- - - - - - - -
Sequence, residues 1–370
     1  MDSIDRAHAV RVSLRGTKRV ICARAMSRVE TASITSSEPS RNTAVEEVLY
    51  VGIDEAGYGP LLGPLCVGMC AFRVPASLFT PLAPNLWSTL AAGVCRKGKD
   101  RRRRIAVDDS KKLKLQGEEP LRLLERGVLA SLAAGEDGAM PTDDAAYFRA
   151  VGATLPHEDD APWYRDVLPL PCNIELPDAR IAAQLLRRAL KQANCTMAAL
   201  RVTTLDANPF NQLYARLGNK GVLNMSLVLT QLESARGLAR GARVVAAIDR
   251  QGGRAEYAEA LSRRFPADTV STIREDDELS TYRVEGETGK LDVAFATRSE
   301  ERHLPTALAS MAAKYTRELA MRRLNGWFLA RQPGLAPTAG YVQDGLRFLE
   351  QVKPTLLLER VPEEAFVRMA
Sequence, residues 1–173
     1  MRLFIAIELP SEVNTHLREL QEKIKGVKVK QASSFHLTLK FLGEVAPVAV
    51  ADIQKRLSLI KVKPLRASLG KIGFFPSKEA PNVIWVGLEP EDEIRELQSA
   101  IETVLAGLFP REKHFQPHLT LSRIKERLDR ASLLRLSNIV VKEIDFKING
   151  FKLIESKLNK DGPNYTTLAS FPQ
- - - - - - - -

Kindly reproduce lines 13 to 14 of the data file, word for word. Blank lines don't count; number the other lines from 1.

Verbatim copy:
   101  IETVLAGLFP REKHFQPHLT LSRIKERLDR ASLLRLSNIV VKEIDFKING
   151  FKLIESKLNK DGPNYTTLAS FPQ